The Courier News from Blytheville, Arkansas on July 28, 1966 · Page 1
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The Courier News from Blytheville, Arkansas · Page 1

Blytheville, Arkansas
Issue Date:
Thursday, July 28, 1966
Page 1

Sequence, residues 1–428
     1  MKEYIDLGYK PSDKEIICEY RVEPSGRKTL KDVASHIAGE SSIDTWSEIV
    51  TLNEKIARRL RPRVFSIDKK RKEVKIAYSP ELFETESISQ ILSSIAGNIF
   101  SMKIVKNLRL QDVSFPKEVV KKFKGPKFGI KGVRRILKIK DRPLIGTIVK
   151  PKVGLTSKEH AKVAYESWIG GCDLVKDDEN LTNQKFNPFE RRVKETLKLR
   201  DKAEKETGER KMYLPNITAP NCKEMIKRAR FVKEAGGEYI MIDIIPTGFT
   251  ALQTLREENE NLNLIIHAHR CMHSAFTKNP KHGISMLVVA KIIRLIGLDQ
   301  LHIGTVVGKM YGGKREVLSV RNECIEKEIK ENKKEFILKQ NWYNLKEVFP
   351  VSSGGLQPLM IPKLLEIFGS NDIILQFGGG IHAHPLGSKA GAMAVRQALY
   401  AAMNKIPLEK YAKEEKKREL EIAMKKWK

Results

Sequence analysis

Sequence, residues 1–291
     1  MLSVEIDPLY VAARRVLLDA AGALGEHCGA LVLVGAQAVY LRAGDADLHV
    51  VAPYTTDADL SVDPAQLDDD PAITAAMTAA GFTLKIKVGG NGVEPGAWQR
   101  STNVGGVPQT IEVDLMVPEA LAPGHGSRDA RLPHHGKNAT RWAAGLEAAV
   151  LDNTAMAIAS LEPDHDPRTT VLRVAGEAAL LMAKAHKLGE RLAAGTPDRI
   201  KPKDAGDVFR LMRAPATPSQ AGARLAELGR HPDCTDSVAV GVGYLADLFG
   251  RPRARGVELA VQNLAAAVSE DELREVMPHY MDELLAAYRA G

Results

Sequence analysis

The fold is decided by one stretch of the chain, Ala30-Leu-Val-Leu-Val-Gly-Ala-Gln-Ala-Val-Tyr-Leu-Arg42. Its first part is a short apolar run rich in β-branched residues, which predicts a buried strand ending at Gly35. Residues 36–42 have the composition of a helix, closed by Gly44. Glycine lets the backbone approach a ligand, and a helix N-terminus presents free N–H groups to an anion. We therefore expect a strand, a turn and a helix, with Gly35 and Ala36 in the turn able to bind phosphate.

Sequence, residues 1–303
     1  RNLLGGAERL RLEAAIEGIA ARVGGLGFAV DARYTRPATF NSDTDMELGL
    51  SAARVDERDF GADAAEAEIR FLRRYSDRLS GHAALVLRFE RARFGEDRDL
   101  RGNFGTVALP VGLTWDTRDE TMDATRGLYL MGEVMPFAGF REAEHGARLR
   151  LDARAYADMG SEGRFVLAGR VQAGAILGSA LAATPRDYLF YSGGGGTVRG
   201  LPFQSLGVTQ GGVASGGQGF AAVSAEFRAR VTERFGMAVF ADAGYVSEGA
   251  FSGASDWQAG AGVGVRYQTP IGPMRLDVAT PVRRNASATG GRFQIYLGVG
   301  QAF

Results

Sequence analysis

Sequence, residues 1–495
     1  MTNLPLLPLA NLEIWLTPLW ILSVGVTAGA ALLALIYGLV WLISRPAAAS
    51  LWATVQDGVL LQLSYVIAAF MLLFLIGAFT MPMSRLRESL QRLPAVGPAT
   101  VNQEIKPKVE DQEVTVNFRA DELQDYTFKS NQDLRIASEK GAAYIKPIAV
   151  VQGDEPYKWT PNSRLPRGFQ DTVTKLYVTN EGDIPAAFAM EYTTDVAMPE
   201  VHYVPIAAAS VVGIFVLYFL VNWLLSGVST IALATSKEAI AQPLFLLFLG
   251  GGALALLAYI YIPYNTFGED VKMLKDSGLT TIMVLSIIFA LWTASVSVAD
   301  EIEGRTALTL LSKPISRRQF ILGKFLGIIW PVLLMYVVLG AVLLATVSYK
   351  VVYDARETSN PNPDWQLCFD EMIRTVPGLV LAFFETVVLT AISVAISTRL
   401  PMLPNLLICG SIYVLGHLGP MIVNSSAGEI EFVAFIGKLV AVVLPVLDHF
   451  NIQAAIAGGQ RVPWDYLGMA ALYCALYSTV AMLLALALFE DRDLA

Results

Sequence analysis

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BLYTHEVILLE COURIER NEWS VOL. (33-NO. 112 BLYTBBVILLB, ABKAN8A8 (72815) THURSDAY,, JULY 28,19M TIN CINTS 14 PAGES Wilson Visits U. S. By ARTHUR L. GAVSHON LONDON (AP) - Prime Minister Harold Wilson flies to Washington today, and high political authorities said he would seek ironclad American support for the wobbling pound sterling during the next six to nine months. Wilson was reported confident such a breathing space would provide the time his Labor, government needs for its crash program of deflation to pull Britain «mt of the red. The economic crisis, its implications on Britain's roe in the world and the Viet Nam war will dominate Wilson's conference with President Johnson Friday. Wilson will give the .President a detailed account of his recent Moscow talks with Soviet Premier Alexei Kosygin. The prime minister has claimed privately that these discussions produced a new understanding of the motivations, strains and stresses within the divided Communist world. This suggests he feels he can mrow new light on the Mos- eow-Peking-Hanoi relationship. A variety of other issues, ranging from the Rhodesian probem to Red Chinese intentions, also will be examined. There is no question, informants said, of Wilson's asking for an American loan beyond the existing standby credit system in which other friendly nations participate. Instead Wilson's aim is to convince the President, if he needs convincing, that Britain's battle for fte pound also is partly a battle for the dollar. The prime minister said as much Wednesday when he told the House of Commons that sterling in recent weeks has taken a beating which basically had been directed at th edollar. Wison did not identify those he said were attacking the dollar, but he and some his advisers are known to suspect thai President Charles de Gaulle ol France wants both the pounc and dollar to shed some of their value and status as reserve currencies financing two-thirds 01 world trade. The British leader also thinks urgent action is needed to promote international liquidity — the easier flow of me world's main currencies and credit fa cilities. He fears that otherwise there wil be danger of a breakdown in world trade leading to a major depression. The U. S. government, ac cording to information here seems resigned that Britain wil probably pull about 25,000 troops out of West Germany and perhaps an equal number from the Far East within a year or so. This withdrawal program, designed to save about $300 million a year in foreign exchange, is something Wilson feels is not negotiable. The Labor government's austerity program won reluctant support Wednesday from Britain's big labor unions and from the House of Commons. ^-•L. ,,cW&Mg&^>-,. '" rV* r w*^4*ai^->*< M_« jfV^ a™ ^ VT -a-p^JWJvi .' — ••• - . j — T^fi iFf-«£*iwlfc*5M^^* 'Jfci'K- " • °l<i* E^CSlf^^jS "'&*•*,'*?*- "•' ,^C% ^||fP$*r ,ft ~, k^f 5? <* ^ v^£& ATTRACTS CROWD — The city engineering department and others interested in concrete paving were present yesterday when Hughes Construction Co., put this concrete finisher into use on the Tenth Street paving project. "We're interested in this.thing," Mayor Jimmie Edwards said. "It's supposed to finish seven feet of concrete a minute and this might be the answer to our problem of how to get all our paving done before winter." (Courier News Photo) Air Assault Blasts V.C.; 826 Sorties By GEORGE MCARTHUR SAIGON, South Viet Nam (AP) — U.S. and Vietnamese pilots struck Communist positions in South Viet Nam Wednesday with new fury, flying a record total of 826 combat sorties, a military spokesman reported. American fliers also ham- Johnson Still Leads Holt Demo Election Results Trickle In LITTLE ROCK (AP) - Jim Johnson continued to hold his lead over Frank Holt as tabulation of votes in Tuesday's Demcratic primary elections slowly neared its conclusion Wednesday night. Johnson and Holt meet Aug. 9 in the runoff to determine which carries the Democratic Party banner against Republican Winthrop Rockefeller in the governor's race. Gov. Orval Faubus said a heated runoff in the Democratic race is certain to alienate some voters and help the GOP this fall. He said he would continue to maintain a "hands- off" attitude in the runoff. Wth 2,608 of 2,693 precincts reported, this was the vote: Johnson 104,456, Holt 90,494, Brooks Hays 65,239, Dale AI- ford 52,866, Sam Boyce 48,408, Raymond Rebsamen 34,837 and Kenneth Sulcer 17,790. In other statewide races— except for attorney general- Wednesday's tabulations produced Uttle effect on the outcome. Atty. Gen. Bruce Bennett apparently faces a runoff with Joe Purcell of Benton. Purcell and Kenneth Coffelt of Little Rock produced enough votes to force the runoff, after early returns indicated Bennett would outpoll both his opponents. With 2,607. of 2,693 precincts In, Bennett had 196,330, Purcell 149,908 and Coffelt 51,455. Bennett said Wednesday night that he had no particular apprehension about a runoff. Purcell got his largest vote in Pulaski County, where he outpolled Bennett 2-1. Bennett said he appreciated all his friends in Pulaski County, but "I just wish I had more of them." In the lieutenant governor's race, Claude Carpenter of Little Rock held the lead while two othrs stayed in contention for a runoff spot. Joe Basore of Cherokee Village led James Pilkinton of Hope by a little less than a thousand votes with 85 boxes still out. The total in the lieutenant governor's race, with 2,608 of 2,693 precincts reported: Carpenter 103,604, Basore 78,804, Pilkinton 77,861, T. E. Tyler of Little Rock 35,615, Corbett Mask of Benton 31,596, Julian James of Jonesboro 24,271, Ralph Johnson of Hardy 23,179, and Glen Thompson of Paragould 12,962. LITTLE ROCK (AP)- Here are the latest tabulations available Wednesday night on the U.S. Senate and four U.S. rep- resentative races. Senate: Sen. John L. Mo clellan 276,078, Foster Johnson of Little Rock 96,738. 1st District: Rep. E. C. Gainings 45,786, Lee Ward of Jonesboro 29,792. 2nd District: Rep. Wilbur Mills 75,935, Jack Eardley of Little Rock 15,971, Arthur Mills o! Little Rock 10,631. 3rd District: Rep. James Trimble 54,113, David Burleson of Fayetteville 23,914, Jim Evans of Hot Springs 18,883. 4th District Special: David ..Pryor of Camden 36,870, Richard Arnold of Texarkana 21,147, Charles Honey of Prescott 16,240, Dean Murphy of Texarkana 17,386, John Harris Jones of Pine Bluff 9,405. 4th District Regular: Pryor 40,570, Arnold 24,596, Honey 18,845, Murphy 19;927, Jones 11,439. OEO Centers Due Review Rule Ousts Van Dalsem LITTLE ROCK (AP) - Herbert Rule, a young Little Rock attorney, has ousted a 26-year veteran of the Arkansas House with the help of reapportionment. Rule defeated Paul Van Dai- gem, who represented Perry County, the smallest in the state, until legislative reapportionment forced Van Dalsem to run in both Perry and in Pulaski, the largest. Rule was leading Van Dalsem 28,251-14,842 with Perry County's 18 boxes counted and 183 of Pulasld's 245 precints tallied. Van Dalsem carried his home county 1,352-622 but the Incomplete count in Pulaski favored Rule 27,6*9, 13,490. Amid persistent rumours of dissension in the local OEO ranks, a public meeting to review proposed county neighborhood service centers has been called by the Office of Economic Opportunity here and regional OEO officers for next Tuesday night. The meeting will be held at 7:30 in the City Hall courtroom. Among those on hand will be Dr. Earl Evans of the Arkansas OEO office in Little Rock and Thomas Mata of the OEO regional office in Austin, Texas. Local OEO Director John E. Bearden referred to the fact that creation of a Southeast BIytheville Neighborhood Center has been delayed in recent weeks. Opening date was to have been July 15. "This project has by no means been stopped completely," Bearden said. "It's just being held up for purposes of re-appraisal by Austin." According to County Judge A. A. (Shug) Banks, original specifications drawn up locally for the Southeast Blythevffle project failed to meet requirements of the Austin office. Twelve neighborhood centers had been proposed by OEO Field Director R. W. Raines, and one at Manila was opened! two weeks ago. The Manila center now employs Fred Davis as a co-ordinator aide. Bearden said two other employees will be hired next week. Banks said the operation of all 12 proposed centers will be determined by Tuesday night's meeting and subject to approval by the Austin office. Raines said three weeks ago that centers would be located in BIytheville, Osceola, Leachville, Dyess, Reiser, Birdsonjj, Joiner, Wilson and Luxora. Stated purpose of the neighborhood service centers is to provide liaison between government War on Poverty programs and local communities, with emphasis on vocational rehabilitation and provision of jobs for the unemployed. Persistent rumors in the last few weeks have encouraged speculation that Raines has encountered opposition to the plans in the Office of Economic Opportunity here and that some factional dispute exists in the South BIytheville neighborhoods to be affected by the two centers proposed for that area. The Austin OEO office is said to have stated displeasure recently at an alleged lack of cooperation locally in implementing War on Poverty programs, Frenchman Ends Death Valley Trek DEATH VALLEY, Calif. (AP) — Jean Pierre Marquani trudged the final six miles to Stovepipe Wells today, ending a 100-mile circuitous hike fiirough Death Valley, tired but in good physical condition. "I'm happy it's over," said the bearded, dirty French ex- paratrooper. He was driven to Death Valey National Monument Headquarters at Furnace Creek and left shortly thereafter for Los Angeles. Chief ranger Homer Leach said the 28-year-old adventurer slept most of Wednesday night on the desert south of Stovepipe Wells, too tired to go on. "He got up about 5 a.m. and finished the hike in about two hours," Leach said. Marquant started the trek over mountains and desert lev- See FRENCHMAN oo Page U NAREB Against Open Housing Law By JOHN BECKLER WASHINGTON .AP) - Local real estate boards have been urged by their national association to "help generate an immediate wave of indignation" against a proposed open housing law. The proposal is a key part of a civil rights bill on which the House hopes to complete formal debate today, setting the stage for the start of voting on dozens of expected amendments. Action on the housing section is not expected to come before early next week. Sections dealing with jury selection and protection of Negroes' rights will be taken up first. The housing provision would prohibit discrimination by real estate agents or others in the business of selling or renting housing, but would exempt individual owners selling their own homes. It is a Republican-sponsored substitute for a stricter ban proposed by the administra tion. The . National Association of Real Estate Boards, which has taken the lead in opposing an open housing law, recently sent a letter to its members calling the substitute proposal "more onerous and more oppressive than the original version." "You must help generate an immediate wave of indignation by all citizens against Title IV,' the letter said in reference to the housing section. A spokesman for the association confirmed circulation of the letter after a copy was made available by Clarence Mitchell See CIVIL RIGHTS on Page 10 NEW BIRD — Most helicopters have blades hinged to the rotor hub, but this one ii different. Lockheed's new rigid-rotor helicopter, the world's first, shown being tested near Lot Angelei, hai bladei that are at- tached rigidly to the hub. This process allows the craft to fly with the ease of a fixed wing plane. The rigid-rotor'copter It the only FAA-certified helicopter under 5,000 pound* with a retractable landing gear. mered at North Viet Nam de- pite bad weamer limiting most f their 103 missions Wednesday o the southern panhandle. The heavy air blows in the south accompanied a rise in mall-scale Communist attacks is the Viet Cong stepped up hit- ind-run attacks in the wake of their defeats in larger battles with U.S. troops. The most significant of these assaults took place 18 miles rom Saigon where guerrilas overran a vilage a few hours lefore dawn and drove off the 40 militiamen defenders. While no major fighting has state, seen reported since Sunday, a Thieu, U.S. spokesman said American :ombat dead more than doubled ast week, presumably as a result of U.S. Marine losses as the .eathernecks launched Opera- ion Hastings against a North Vietnamese division near the northern border July 15. The spokesman said 136 Americans were killed,. 578 wounded and 14 missing compared with 65 killed, 368 vounded and no missing in the previous seven days. Total allied dead for the week.of July 10-16 climbed to 334, compared with 279 the previous week Communist dead rose to 1,272 an increase of 72, the spokesman said. The casualties brought the unofficial total of U.S. combat dead to 2,728 since Jan. 1 and to 4,440 for the war. U.S. Air Force, Navy and Marine fliers flew 542 single- plane strikes in the record day n the South Wednesday. Vietnamese fliers added 284 more. The Strategci Air Command's B52s made three raids today. Two were aimed at the Communist-held D Zone north of Saigon, the other at the hills just below the 17th Paralle demii- tarized zone where the Marines are continuing the hunt for North Viet Nam's 324B Division. A Navy A4 Skyhawk from the carrier Oriskany and its pilot was reported missing over North Viet Nam on a strike against a missile site near Vinh. It was the 311th plane reported lost over the North. Although limited by typhoon weather, the U.S. fliers blasted 11 fuel dumps, including a big complex near Vinh and another at the nearby former army camp of Badon, a spokesman said. He said the pilots did not encounter any antiaircraft missiles or Communist MIGs. The fliers on the Badon raid said the Reds were using craters from previous bombings to hide their oil drums. The pilots said they started, five new fires. A South Vietnamese military spokesman said the Viet Cong hit the vilage of Cau Lon a few hours before daylight and the militia platoon abandoned its military spokesman said. A U.S. spokesman said Amer- can and other allied troops tilled 21 Communists in other scattered engagements in cen- ral and northern provinces Wednesday. Viet Cong terrorism also continued. A guerrilla lobbed a grenade into a U.S. rniitary jeep in he Saigon suburbs of Gia Dirih, njuring an American and three Vietnamese. A mine exploded in classroom in a girls' high school in Hue Wednesday night jut no one was in the school." The SouSi Vietnamese chief ol Lt. Gen. released Nguyen Van letter from President Johnson thanking .flw Vietnamese government lor congratulations on the July 4th ndependence. anniversary. Johnson wrote Thieu tfiat Americans "share with you the confidence that you and th« brave people : of Viet Nam will See VIET NAM on Page 10 VOTE TABLE ON PAGE 10 A precinct by precinct ;rS- port on voting in Mississippi; County will be found on Page 10 of today's Courier News! R. H. Wilmofh Service Held Funeral services were held today at 1 p.m. at Etowah Bap- ist Church, for Robert Henry Wilmoth, Sr., with Rev. Jimmy Stevens and Rev. Carl Appling n charge. Burial was to Garden Point Cemetery. Mr. Wilmoth, 88, was an Etowah merchant and planter. He was a member of the Lepanto Masonic Lodge and a Baptist. He was president of the Etowah in Company. He leaves his wife, Mrs. Myrtle Wilmoth of Etowah; Two sons, R. H. Wilmoth, Jr., and Andy Wilmoth, both of Etowah; Seven daughters, Mrs. Jane Anderson of Lepanto, Mrs. Sue Brothers of Osceola, Mrs. Dirk Kerpfe of Lepanto, Mrs. Jean Martin of Huntington Beach, al., Mrs. Betty Webb of Valley Park, Mo., Sally Wilmoth of ?ort Rucker, Ala., and Carolyn Wilmoth of Etowah; And 13 grandchildren. post after casualties. suffering moderate Radio contact with the post was lost, the spokesman said, and a relief column was sent out shortly after dawn. There was no report on contact from the relief force. A few miles away, the Viet Cong mortared another post briefly in what evidently was a diversionary attack. Similar harassing attacks have been hitting the villages south of Saigon for the past several nights. In brief, bitter fighting on the coastal plains' near Thanh Blnh, a force of Vietnamese infantry and militia troops killed 27 Viet Cong and captured many weapons Wednesday, a government Library to Clot* BIytheville Public Library will be closed the first week in August while the stiff takes a summer holiday. The Library will reopen on Aug. 8, Librarian Laura Gray announced. Abuse Case In Court A Chicago Cockrell, 23, Negro, Girtis was charged in Circuit Court today with carnal abuse of a 13-year-old Negro girl. Bond was set at $3,500. According to police, Cockrell was with the girl all day Monday arid ended up with her 'that night in a deserted house -at 2110 Simmons where his advances caused her to cry out. When arrested, Cockrell admitted having relations with the girl but claimed she had given her age to him as 18... -,-. Cockrell is a migrant worker who is temporarily living at 1221 South 19th. . : , iimiiiiiiiiiiiiiiiiiHiiiiiiiiiiiiiiHiiiiiiiiiiiiiiininiiinvninPP Weather Foreeortf Partly cloudy with widely scattered mostly afternoon and evening thundershowers Friday with little change in temptr* tureg. Highs today and Friday in the 90s. Lows tonight « to 76. Probability of rain, 20 P«r- cent today, tonight and Friday. Outlook Saturday little chang*